I do not know any budget numbers, but I would assume that the GOF is only a handful of people, while Planck/Fermi are both very large compared to Suzaku. In other words: funding Suzaku or XMM above the requested numbers might be comparable to cutting the HST PR budget by a few percent...
Concerning the commenters above: I think it is very clear from the report that the panel recommends diversity, i.e., fund small missions where the scientific return is large (if you measure the return in papers per dollar spent), at the expense of large missions. That is very clear, especially in the criticism to HST, where the panel essentially says that the project did a *very* bad job in justifying their budget numbers, while the small missions are all applauded for their well argued and understandable cases.
I agree that the message remains obscure, and one has to read between the lines, which may mean that one reads what one wants to read. However I think that a general criticism toward large missions, such as HST, emerges quite clearly. Also Fermi did not perform great. Being a young mission, I would have expected it to have a better ranking than the old Spitzer, and certainly a greater discovery space! Smaller missions like Swift did a better job in justifying their budgets and the need of extended operations. A lesson to learn.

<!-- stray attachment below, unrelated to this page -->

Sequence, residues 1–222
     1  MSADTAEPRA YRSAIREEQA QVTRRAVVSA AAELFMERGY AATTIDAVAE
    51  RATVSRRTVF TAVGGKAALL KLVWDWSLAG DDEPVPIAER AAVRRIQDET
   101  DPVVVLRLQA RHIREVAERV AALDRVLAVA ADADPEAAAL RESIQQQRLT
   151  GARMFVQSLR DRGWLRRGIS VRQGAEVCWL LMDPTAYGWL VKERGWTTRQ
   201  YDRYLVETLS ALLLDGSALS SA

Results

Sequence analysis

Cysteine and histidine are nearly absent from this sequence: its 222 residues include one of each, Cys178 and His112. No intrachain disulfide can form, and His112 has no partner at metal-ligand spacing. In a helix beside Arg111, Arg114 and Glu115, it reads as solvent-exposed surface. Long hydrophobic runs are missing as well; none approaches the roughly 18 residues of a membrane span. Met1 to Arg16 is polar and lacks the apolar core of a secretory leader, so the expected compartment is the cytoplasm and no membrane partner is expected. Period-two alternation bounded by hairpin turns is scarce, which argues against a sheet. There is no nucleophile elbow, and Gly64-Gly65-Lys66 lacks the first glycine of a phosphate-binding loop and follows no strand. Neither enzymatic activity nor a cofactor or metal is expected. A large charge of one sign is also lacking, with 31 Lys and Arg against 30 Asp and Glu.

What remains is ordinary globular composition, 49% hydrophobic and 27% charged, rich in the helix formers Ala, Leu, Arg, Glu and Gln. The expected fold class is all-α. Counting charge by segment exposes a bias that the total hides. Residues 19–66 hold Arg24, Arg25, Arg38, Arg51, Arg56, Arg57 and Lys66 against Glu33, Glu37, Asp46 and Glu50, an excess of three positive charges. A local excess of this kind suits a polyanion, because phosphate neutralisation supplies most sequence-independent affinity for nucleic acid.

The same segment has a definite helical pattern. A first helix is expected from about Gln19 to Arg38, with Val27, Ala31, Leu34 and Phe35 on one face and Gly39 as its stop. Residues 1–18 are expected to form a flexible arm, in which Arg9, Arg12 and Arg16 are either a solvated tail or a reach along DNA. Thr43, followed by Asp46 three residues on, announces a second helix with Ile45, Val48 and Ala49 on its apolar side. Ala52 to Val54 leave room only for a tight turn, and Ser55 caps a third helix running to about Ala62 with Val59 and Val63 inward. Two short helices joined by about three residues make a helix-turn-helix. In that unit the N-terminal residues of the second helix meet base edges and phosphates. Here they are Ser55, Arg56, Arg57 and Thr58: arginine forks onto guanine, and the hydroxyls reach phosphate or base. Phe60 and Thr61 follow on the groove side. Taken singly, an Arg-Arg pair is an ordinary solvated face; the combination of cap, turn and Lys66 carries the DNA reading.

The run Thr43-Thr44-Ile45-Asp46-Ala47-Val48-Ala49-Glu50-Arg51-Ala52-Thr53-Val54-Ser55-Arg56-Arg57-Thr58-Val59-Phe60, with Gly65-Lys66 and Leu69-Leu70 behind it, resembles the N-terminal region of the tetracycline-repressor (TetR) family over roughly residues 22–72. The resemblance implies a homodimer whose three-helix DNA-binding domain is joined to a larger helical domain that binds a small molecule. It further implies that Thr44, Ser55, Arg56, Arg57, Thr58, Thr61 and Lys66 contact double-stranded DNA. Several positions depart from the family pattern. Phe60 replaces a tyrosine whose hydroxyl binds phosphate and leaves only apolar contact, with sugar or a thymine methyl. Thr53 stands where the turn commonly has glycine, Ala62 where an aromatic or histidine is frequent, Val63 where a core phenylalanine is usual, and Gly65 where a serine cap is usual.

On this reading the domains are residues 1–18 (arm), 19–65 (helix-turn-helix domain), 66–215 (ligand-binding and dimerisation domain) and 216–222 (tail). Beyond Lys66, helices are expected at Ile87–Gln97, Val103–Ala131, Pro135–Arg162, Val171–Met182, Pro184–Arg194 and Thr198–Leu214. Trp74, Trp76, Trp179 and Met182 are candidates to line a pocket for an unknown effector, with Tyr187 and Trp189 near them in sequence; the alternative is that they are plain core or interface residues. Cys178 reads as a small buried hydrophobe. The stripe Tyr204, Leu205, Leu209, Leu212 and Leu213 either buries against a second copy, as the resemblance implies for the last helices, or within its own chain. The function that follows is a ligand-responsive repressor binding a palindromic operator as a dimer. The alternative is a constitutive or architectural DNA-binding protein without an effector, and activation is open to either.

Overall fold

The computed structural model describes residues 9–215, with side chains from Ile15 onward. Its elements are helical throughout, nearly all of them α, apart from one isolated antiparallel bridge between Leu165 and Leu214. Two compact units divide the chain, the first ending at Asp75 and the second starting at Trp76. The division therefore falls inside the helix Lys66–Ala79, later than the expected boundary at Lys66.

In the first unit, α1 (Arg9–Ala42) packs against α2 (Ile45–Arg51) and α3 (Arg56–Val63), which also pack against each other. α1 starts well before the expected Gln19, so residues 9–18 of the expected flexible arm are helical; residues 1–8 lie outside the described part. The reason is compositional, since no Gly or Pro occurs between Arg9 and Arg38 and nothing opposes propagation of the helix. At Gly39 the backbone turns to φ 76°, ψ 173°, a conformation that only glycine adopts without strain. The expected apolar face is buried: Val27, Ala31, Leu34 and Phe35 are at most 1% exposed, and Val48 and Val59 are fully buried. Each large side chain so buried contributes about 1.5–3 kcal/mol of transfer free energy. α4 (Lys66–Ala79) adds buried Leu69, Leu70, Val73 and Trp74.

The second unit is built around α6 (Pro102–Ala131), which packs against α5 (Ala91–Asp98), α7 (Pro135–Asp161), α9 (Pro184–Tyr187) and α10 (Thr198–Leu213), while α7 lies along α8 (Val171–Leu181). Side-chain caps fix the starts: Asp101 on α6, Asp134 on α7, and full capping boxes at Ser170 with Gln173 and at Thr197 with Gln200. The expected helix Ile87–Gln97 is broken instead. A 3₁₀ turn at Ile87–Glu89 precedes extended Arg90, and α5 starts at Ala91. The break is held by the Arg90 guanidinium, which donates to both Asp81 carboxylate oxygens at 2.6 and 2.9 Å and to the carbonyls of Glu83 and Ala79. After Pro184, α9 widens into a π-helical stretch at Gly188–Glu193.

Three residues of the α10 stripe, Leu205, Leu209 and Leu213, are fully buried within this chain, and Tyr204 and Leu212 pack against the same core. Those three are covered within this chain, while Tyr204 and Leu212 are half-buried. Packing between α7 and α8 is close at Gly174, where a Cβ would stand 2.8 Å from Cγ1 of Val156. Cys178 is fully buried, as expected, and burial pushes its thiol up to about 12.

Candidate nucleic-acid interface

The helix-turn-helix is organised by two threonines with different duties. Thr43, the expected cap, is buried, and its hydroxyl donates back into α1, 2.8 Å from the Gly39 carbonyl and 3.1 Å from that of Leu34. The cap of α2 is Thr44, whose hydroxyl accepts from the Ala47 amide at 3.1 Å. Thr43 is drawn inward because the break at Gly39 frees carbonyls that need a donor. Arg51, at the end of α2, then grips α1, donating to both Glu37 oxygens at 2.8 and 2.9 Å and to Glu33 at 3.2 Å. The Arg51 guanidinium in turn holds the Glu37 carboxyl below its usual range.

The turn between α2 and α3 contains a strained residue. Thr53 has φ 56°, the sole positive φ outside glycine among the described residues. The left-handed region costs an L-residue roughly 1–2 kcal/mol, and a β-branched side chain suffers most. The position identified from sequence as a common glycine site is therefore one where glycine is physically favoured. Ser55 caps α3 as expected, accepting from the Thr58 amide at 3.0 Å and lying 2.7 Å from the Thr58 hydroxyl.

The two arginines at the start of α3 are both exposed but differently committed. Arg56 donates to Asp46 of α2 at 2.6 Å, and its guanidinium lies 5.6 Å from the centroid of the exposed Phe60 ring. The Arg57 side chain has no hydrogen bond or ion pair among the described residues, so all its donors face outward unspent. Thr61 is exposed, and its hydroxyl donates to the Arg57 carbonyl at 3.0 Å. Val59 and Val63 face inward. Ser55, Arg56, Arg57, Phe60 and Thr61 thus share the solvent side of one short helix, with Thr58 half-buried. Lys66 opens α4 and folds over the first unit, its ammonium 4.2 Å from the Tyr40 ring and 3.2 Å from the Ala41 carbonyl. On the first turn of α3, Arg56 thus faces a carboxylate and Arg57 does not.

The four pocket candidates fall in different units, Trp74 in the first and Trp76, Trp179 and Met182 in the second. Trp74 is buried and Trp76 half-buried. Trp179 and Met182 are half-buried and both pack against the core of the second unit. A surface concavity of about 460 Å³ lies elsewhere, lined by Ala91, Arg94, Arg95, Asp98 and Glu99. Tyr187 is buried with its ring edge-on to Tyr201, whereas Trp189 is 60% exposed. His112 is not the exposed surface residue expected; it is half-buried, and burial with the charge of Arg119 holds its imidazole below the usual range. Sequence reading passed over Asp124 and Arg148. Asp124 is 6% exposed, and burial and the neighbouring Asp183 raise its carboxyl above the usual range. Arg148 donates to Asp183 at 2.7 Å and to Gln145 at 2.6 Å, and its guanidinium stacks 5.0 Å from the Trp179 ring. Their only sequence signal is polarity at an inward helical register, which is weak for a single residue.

It is absolutely striking that this Review has basically given the pass to all missions brought before it. Were they not given a hard limit on available extended operations funding, as the 2010 Review was given? The report seems unaware of any budget availability numbers, except flapping their hands and saying that life is always hard.
The uniformity of the grades in the different categories sure doesn't look like there was much of a curve. I guess if there are few budget constraints, you just bless everyone, tip your hat, and leave the room.
Aside from vague identifications of negatives for many of the missions, which is hardly surprising for any of them, that NASA can use to (gently) beat on them, what exactly did this committee do?
Maybe the money is there, at least for FY13. In NASA FY2013 request budgets for the HST, Physics of the Cosmos (Chandra, XMM, Planck, Fermi), Swift, and Suzaku are essentially the same as in FY12. Funding for Spitzer and Kepler is reduced, but the new Astrophysics Senior Review budget line is enough to cover these cuts, and there's a couple of million extra for augmentations. Notional FY14 numbers seem to make things a bit more difficult... Of course there's also the slight problem that the congress has to accept the budget.
Probably what happened is that they didn't want to give arrows to Congress